Space success raises foreign-aid dilemma
Relief workers predict more pressure to justify projects, but don't expect cuts
Aid workers say they expect to come under pressure from their governments to justify the same levels of development assistance in light of China's successful and costly space programme.
But they say the governments are unlikely to cut the aid.
Editorials in western newspapers have asked why the mainland should receive US$1.8 billion in aid a year when it chooses to spend US$2 billion a year on its space programme.
Keshav Gautam, programme co-ordinator for Action Aid in Beijing, conceded he saw 'some sense in the logic'.
But he said: 'This is a question that could be put to many other states. India and Pakistan are a similar case. Millions of people in these countries are living in poverty, but their governments have forgotten about them.
'Look how much India and Pakistan are spending on developing their military technologies.'
Mr Gautam also argued that South Asian governments were not as good as China at meeting the needs of their peoples.
A worker for an Asian charity in Beijing said: 'India and North Korea both have nuclear programmes and people are still donating funds to them,' and asked why China should be treated any differently.
Mr Gautam said because aid was often politically motivated, he was not worried that the tap would be turned off any time soon.
'Aid does not come free. There are a lot of strings attached,' he said. 'I think aid will continue to flow in. I don't see a big threat.'
According to Nick Young, editor of the China Development Brief in Beijing, some foreign aid donors see themselves as small players in a country that is spending billions of dollars of its own money for poverty alleviation.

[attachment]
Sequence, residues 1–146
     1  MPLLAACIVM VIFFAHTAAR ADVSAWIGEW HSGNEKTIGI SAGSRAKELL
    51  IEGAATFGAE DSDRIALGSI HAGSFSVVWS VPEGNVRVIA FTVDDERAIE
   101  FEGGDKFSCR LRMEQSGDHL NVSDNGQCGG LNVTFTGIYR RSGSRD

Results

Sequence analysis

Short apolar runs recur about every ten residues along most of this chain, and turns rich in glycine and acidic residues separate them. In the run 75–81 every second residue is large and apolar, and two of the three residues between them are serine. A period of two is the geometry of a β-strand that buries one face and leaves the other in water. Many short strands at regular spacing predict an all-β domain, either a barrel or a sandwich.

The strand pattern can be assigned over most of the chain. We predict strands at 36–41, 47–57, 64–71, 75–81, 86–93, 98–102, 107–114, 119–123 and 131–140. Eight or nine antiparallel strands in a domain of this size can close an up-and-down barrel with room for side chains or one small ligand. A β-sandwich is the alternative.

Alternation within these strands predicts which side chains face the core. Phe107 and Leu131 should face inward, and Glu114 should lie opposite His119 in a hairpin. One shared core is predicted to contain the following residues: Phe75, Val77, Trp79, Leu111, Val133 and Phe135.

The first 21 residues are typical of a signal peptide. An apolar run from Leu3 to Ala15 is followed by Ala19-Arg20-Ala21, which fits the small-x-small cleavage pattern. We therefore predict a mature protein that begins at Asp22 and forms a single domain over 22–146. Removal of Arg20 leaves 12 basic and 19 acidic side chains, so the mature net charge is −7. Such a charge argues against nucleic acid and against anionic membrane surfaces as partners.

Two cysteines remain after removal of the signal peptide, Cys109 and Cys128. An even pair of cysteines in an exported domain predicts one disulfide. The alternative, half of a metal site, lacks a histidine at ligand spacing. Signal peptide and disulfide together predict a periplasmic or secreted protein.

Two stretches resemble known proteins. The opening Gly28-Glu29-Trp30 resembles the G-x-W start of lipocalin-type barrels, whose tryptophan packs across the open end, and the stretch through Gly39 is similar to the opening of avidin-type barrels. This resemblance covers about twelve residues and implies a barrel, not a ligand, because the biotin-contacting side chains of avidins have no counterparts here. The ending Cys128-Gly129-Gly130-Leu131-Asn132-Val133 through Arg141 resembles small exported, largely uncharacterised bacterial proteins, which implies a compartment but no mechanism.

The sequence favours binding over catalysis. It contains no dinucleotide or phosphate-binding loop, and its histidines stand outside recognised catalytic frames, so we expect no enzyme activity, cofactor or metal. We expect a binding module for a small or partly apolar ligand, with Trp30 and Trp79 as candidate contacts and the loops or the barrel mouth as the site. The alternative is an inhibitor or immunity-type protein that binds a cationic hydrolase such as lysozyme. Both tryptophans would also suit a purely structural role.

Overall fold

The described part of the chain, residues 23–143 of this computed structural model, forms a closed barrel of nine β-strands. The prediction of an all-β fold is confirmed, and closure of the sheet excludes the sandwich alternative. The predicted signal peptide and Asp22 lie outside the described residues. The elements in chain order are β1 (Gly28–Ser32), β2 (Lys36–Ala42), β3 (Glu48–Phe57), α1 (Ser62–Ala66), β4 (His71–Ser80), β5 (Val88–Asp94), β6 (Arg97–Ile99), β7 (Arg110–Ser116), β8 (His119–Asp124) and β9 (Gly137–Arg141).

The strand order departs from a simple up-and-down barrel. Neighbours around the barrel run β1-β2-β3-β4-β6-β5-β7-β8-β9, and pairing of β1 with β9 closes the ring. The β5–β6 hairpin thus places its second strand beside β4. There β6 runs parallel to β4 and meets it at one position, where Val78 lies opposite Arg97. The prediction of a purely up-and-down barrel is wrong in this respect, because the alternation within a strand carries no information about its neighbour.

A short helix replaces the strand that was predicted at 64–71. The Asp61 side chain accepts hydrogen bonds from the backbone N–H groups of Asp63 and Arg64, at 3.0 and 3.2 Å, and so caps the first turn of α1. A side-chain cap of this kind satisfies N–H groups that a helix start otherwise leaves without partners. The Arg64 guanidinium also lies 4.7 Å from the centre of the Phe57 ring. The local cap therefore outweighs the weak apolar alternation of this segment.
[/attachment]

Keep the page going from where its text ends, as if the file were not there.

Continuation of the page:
'It's not like they're handing out cash to a beggar, or poor China,' Mr Young said. 'A lot of donors see their aid as leverage intended to get the Chinese to change the way they're doing things.'
Mr Young pointed to the example of Scandinavian countries, which he said tied their aid to human rights-related programmes.
'Something like the launch of the Shenzhou V will always have an impact on international donors,' he said.
'But donors are already wrestling with the fact that China is a country with huge resources.'
Mr Young pointed out that the trend towards reducing aid to China was a reality before the space launch.
China was already declared ineligible for concessionary lending from the World Bank and the World Food Programme had set a date to pull out of China.
Japan's Chief Cabinet Secretary, Yasuo Fukuda, said last week's space success would not lead Tokyo to review its official development aid - assistance normally targeted at developing countries.
'There is no need to change the assistance policy' just because of the Shenzhou launch, he said. 'We will assess Japan-China relations as a whole in deciding what we will do in the future.'
The Japanese government has been under pressure in recent years, particularly from conservatives, to cut its development aid to China, whose economic and military stature has been on the rise.
In 2001, Tokyo decided to focus its aid to its neighbour on projects to alleviate environmental risks and help impoverished areas.
Business leaders said foreign companies would not change their aid practices as a result. 'Global companies are not going to be affected, because they still want to compete,' said Scott Kronick, managing director of Ogilvy Worldwide Public Relations, China.